Nurture Shock’s basic premise is to take traditional parenting techniques and ideas and turn them on their heads. For instance the first chapter, called The In Inverse Power of Praise, is about how over praising children can have the opposite effect of what the parent intended. The child’s performance may actually decrease. Each chapter cites studies and research the authors have uncovered to support their conclusions. Most of the authors’ assertions make total sense after they explain the research that’s been done on the subject in question, even though it contradicts conventional wisdom.
My favorite chapter, that I think every parent should read, is Why White Parents Don’t Talk About Race. I have long railed against the notion of color-blindness being a sincere or realistic perspective and this chapter helps explain why. When parents don’t talk about race, it leaves children confused and often thinking any mention of race must be bad because their parents never talk about it.
This book is more about how children’s brains work and doesn’t have that many specific techniques that a parent could just lift out of the book and put into practice. However, if a parent has a better understand of how her child’s brain works and what her thought processes are, then she will be better able to come up with ways of dealing with her child that works for her family.
I think this is definitely one book every parent should have in his/her arsenal.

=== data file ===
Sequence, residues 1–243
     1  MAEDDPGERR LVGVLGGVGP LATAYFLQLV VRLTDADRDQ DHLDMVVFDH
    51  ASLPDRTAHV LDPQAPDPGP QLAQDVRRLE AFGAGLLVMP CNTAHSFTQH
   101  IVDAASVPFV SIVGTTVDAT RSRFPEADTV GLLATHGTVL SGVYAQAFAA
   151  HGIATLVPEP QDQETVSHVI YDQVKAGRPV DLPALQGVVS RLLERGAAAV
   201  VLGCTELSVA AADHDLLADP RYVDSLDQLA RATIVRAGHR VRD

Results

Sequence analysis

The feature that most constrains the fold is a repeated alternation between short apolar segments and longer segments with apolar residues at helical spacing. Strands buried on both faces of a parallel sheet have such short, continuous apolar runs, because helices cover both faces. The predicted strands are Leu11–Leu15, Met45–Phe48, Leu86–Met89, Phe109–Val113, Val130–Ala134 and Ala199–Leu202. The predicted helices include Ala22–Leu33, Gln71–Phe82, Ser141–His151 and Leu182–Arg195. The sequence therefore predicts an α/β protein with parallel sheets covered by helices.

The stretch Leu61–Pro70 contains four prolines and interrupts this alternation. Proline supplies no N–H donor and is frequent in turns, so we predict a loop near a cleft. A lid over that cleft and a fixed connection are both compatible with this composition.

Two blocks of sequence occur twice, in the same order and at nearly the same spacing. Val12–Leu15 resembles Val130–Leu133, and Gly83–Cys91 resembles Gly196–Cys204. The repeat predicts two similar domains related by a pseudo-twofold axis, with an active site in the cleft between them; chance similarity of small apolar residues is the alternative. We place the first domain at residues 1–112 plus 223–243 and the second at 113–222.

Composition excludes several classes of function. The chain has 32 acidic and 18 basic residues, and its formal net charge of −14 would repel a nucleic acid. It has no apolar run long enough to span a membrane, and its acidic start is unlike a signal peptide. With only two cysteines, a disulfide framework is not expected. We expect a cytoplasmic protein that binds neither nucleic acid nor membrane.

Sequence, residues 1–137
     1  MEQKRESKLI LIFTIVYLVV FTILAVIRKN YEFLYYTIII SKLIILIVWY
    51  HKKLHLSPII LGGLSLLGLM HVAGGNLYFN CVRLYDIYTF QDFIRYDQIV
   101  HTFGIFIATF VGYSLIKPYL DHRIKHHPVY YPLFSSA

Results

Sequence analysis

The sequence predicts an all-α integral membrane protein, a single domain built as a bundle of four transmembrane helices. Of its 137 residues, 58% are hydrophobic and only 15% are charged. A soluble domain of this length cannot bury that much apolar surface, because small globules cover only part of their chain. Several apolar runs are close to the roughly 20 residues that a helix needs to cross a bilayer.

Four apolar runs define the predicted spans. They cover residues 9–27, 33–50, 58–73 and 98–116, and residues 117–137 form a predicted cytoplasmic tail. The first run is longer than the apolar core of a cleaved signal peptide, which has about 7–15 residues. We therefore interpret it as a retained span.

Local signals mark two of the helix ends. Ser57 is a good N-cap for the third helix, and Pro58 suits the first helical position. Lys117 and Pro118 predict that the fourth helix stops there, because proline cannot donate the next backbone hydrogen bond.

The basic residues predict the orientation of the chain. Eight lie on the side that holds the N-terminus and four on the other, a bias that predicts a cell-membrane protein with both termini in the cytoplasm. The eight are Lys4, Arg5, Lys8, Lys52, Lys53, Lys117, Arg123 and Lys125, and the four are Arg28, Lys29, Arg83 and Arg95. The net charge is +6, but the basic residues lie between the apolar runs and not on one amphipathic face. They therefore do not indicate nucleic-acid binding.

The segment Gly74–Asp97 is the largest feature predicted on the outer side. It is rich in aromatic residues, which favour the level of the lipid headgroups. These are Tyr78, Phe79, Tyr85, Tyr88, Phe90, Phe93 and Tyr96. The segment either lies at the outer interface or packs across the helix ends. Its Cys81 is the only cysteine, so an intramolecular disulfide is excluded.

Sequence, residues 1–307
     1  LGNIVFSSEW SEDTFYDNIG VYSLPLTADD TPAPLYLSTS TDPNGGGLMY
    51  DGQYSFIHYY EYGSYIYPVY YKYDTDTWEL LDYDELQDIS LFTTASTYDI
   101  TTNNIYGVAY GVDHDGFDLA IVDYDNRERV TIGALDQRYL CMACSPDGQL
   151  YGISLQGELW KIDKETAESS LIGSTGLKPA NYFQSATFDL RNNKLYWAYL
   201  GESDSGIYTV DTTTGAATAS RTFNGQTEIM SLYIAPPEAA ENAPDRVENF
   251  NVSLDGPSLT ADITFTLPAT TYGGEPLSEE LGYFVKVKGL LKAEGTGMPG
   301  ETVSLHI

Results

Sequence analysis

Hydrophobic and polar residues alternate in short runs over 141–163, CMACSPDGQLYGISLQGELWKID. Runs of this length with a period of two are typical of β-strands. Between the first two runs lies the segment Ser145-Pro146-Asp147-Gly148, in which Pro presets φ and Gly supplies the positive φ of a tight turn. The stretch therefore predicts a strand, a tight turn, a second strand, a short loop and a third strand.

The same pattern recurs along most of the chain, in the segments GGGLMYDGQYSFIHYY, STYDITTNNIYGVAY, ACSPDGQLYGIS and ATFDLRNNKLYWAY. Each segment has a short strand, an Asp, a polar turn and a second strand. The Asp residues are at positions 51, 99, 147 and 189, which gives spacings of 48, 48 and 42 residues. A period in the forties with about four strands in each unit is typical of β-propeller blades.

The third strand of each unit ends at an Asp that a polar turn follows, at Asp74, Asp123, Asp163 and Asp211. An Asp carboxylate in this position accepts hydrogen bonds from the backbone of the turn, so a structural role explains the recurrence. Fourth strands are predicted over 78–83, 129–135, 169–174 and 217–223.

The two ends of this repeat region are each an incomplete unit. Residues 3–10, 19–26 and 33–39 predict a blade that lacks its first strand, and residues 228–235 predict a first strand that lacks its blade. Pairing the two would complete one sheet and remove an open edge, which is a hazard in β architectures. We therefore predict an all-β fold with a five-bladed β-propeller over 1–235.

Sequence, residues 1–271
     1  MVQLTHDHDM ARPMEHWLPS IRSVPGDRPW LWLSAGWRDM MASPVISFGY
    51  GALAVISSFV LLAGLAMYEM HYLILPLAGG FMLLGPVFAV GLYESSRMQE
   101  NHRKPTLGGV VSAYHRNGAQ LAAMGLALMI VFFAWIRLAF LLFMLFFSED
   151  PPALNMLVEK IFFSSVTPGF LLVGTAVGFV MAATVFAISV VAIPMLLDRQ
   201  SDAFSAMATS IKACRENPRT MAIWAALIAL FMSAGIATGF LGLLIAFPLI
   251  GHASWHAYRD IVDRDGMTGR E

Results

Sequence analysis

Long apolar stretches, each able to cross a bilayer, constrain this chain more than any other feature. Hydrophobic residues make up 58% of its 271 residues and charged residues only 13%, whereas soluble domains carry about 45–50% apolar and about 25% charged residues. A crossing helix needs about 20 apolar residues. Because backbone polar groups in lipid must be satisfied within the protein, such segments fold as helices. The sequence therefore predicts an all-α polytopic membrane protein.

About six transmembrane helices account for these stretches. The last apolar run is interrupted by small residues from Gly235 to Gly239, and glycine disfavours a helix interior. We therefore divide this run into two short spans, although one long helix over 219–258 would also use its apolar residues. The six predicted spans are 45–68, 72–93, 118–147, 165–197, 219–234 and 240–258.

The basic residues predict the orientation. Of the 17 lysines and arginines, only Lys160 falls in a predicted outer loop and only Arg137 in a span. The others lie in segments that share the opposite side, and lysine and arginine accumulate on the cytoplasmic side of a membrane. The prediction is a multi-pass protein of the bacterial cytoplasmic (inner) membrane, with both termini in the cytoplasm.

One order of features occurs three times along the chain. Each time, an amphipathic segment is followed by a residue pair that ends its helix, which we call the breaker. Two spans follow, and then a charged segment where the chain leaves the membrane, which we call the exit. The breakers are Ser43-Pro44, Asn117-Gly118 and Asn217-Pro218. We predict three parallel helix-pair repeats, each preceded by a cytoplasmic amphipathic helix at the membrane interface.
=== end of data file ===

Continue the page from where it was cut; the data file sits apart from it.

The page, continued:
May 29th, 2015 in
Bossypants by Tina Fey
Publisher: Hachette Audio
Released In: 2011
My rating: 4 of 5 stars
Before Liz Lemon, before “Weekend Update,” before “Sarah Palin,” Tina Fey was just a young girl with a dream: a recurring stress dream that she was being chased through a local airport by her middle-school gym teacher. She also had a dream that one day she would be a comedian on TV.
She has seen both these dreams come true.
At last, Tina Fey’s story can be told. From her youthful days as a vicious nerd to her tour of duty on Saturday Night Live; from her passionately halfhearted pursuit of physical beauty to her life as a mother eating things off the floor; from her one-sided college romance to her nearly fatal honeymoon — from the beginning of this paragraph to this final sentence.
Tina Fey reveals all, and proves what we’ve all suspected: you’re no one until someone calls you bossy.